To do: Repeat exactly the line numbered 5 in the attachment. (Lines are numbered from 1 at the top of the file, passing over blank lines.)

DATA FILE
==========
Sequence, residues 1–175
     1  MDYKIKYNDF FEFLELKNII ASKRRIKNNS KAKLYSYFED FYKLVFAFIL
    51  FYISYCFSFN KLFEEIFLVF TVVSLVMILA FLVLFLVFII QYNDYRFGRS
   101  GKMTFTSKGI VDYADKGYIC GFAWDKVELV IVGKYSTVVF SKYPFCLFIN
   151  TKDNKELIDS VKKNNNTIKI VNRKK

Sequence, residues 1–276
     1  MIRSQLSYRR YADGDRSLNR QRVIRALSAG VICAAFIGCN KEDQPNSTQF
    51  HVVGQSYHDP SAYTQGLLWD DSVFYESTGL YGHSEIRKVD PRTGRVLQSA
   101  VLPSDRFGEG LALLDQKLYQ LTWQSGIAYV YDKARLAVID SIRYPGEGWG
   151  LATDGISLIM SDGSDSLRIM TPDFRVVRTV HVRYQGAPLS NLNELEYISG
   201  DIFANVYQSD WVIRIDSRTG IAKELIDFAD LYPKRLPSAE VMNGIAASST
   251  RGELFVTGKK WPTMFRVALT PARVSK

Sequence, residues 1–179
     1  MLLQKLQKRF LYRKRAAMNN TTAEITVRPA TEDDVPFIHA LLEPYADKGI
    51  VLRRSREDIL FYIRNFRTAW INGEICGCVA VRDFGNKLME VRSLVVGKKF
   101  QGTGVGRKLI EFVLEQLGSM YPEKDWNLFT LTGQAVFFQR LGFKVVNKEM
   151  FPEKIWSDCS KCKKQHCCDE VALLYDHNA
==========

   151  TKDNKELIDS VKKNNNTIKI VNRKK